Edgar Lee Masters' "Jefferson Howard"

Updated on January 25, 2018
Maya Shedd Temple profile image

After I fell in love with Walter de la Mare's "Silver" in Mrs. Edna Pickett's sophomore English class, circa 1962, poetry became my passion.

Edgar Lee Masters

Source

Introduction and Text of Poem, "Jefferson Howard"

The character, Jefferson Howard, seems to be a braggart, but what he is bragging about remains unclear. He admits to preferring the bars to the churches, but he also calls his life and its struggles "valiant," while offering nothing that demonstrates that trait. He had a wife and children, but only complains about the children deserting him; whether his wife remained with him is unclear.

Although he mentions politics, he offers nothing substantial to show just how his political stance might have impacted his life. This epitaph thus remains one of the vaguest of the lot. Its one of those that leave the reader hoping this character will show up in a later epitaph that will shed more light on the character.

Jefferson Howard

My valiant fight! For I call it valiant,
With my father’s beliefs from old Virginia:
Hating slavery, but no less war.
I, full of spirit, audacity, courage
Thrown into life here in Spoon River,
With its dominant forces drawn from New England,
Republicans, Calvinists, merchants, bankers,
Hating me, yet fearing my arm.
With wife and children heavy to carry—
Yet fruits of my very zest of life.
Stealing odd pleasures that cost me prestige,
And reaping evils I had not sown;
Foe of the church with its charnel dankness,
Friend of the human touch of the tavern;
Tangled with fates all alien to me,
Deserted by hands I called my own.
Then just as I felt my giant strength
Short of breath, behold my children
Had wound their lives in stranger gardens—
And I stood alone, as I started alone!
My valiant life! I died on my feet,
Facing the silence—facing the prospect
That no one would know of the fight I made.

Reading of "Jefferson Howard"

Commentary

First Movement: He Endured a Valiant Fight

My valiant fight! For I call it valiant,
With my father’s beliefs from old Virginia:
Hating slavery, but no less war.

Jefferson Howard addresses the issue of his life's struggle, which he labels his "valiant fight!" He states that he held the beliefs of his father, who had relocated to Spoon River, in the Mid-West from "old Virginia," a southern state. Yet he claims that he hated slavery, but he also hated war. Such views would depart from most Virginians at the time.

Virginia had joined ten other states (Alabama, Arkansas, Tennessee, Mississippi, Florida, Georgia, Texas, North Carolina, South Carolina, Louisiana) that seceded from the United States to join the Confederacy after the election of Abraham Lincoln. Not only did most Virginians not hate slavery; they were also willing to fight a war to preserve it.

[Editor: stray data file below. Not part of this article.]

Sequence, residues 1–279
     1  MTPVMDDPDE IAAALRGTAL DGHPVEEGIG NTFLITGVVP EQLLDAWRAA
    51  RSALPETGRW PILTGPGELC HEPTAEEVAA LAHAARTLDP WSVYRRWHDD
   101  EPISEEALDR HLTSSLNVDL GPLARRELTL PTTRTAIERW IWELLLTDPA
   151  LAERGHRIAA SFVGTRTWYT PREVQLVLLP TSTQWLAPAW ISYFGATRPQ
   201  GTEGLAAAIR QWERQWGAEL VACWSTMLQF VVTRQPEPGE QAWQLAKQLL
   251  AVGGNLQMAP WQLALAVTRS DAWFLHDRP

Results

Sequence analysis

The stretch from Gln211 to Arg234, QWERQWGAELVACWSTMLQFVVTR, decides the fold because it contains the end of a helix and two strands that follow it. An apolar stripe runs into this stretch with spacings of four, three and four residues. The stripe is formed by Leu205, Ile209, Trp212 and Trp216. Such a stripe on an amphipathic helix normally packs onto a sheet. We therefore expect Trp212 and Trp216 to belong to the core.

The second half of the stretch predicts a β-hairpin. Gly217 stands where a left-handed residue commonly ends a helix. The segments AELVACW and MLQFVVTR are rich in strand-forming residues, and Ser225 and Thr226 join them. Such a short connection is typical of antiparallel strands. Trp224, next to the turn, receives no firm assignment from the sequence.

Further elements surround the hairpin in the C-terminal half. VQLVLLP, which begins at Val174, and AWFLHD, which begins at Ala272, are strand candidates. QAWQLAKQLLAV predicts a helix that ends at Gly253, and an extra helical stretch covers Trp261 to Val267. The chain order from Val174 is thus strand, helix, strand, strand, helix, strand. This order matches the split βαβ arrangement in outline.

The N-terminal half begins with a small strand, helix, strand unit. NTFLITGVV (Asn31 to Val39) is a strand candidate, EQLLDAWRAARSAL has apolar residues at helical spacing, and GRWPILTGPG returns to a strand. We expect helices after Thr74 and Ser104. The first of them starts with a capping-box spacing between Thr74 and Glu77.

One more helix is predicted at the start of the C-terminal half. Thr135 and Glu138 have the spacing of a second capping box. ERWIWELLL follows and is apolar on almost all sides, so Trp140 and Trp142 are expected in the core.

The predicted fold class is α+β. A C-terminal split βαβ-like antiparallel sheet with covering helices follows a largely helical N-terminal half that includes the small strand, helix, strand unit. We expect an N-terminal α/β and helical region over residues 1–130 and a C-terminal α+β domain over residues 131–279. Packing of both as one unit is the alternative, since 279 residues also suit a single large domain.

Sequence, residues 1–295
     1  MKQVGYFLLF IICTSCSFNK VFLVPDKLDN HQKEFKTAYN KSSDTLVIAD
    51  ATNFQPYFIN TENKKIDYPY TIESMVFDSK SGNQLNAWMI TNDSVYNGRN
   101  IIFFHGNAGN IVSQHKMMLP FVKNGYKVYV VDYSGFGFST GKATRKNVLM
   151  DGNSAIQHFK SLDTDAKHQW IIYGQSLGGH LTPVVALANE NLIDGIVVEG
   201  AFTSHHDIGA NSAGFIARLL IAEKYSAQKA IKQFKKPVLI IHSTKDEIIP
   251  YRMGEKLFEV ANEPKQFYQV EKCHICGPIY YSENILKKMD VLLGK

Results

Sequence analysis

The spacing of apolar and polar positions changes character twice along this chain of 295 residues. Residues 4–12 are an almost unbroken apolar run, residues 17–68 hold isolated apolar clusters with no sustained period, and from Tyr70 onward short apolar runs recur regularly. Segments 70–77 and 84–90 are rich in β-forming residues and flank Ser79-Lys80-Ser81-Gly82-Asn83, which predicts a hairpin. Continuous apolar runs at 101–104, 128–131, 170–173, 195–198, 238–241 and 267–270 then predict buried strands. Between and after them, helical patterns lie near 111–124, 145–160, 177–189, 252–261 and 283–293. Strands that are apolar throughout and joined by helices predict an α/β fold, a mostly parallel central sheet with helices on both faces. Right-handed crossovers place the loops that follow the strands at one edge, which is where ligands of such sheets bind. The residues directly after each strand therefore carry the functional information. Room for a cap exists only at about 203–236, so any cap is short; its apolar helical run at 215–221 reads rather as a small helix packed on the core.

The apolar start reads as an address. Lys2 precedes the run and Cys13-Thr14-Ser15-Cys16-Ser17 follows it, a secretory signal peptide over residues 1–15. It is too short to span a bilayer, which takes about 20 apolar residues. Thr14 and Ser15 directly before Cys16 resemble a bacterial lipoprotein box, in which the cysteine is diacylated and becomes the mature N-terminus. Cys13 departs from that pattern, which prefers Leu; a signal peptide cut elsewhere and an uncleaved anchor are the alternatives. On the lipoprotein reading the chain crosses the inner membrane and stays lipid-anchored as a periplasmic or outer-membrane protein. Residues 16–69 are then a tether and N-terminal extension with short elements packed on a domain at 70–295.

Second Movement: He Possessed a Fearful Arm

I, full of spirit, audacity, courage
Thrown into life here in Spoon River,
With its dominant forces drawn from New England,
Republicans, Calvinists, merchants, bankers,
Hating me, yet fearing my arm.

Jefferson then describes himself as "full of spirit"; he also possessed courage and audacity. But he was against most of the "dominant forces" that controlled Spoon River. Those forces, he claims, originated in New England, and they were "Republicans, Calvinists, merchants, and bankers."

Jefferson claims that these "forces" hated him but, they also feared his strength, which he states as "fearing my arm." Proud of his ability, yet he tries to contend that his powers were overpowered by too much opposition.

Third Movement: He Preferred the Tavern to the Church

With wife and children heavy to carry—
Yet fruits of my very zest of life.
Stealing odd pleasures that cost me prestige,
And reaping evils I had not sown;
Foe of the church with its charnel dankness,
Friend of the human touch of the tavern;
Tangled with fates all alien to me,
Deserted by hands I called my own.

The speaker now admits that providing for his family was difficult, as he refers to them as "heavy to carry." On the other hand, he sees them as the "fruits" of his vitality for life. He then makes an odd confession that he leaves unexplained. His reputation was impaired because of his "stealing odd pleasures," and admitting that he had sown evils and reaped the results of those evils.

He admits that he was an enemy of the "church," which he condemn as having "charnel dankness." Such name-calling implies that he actually knew little about the church community. Then he states that he was a friend of the taverns, but he attempts to make that vileness into a virtue by calling it "the human touch of the tavern." He complains that he had to battle opposition that was "alien" to him.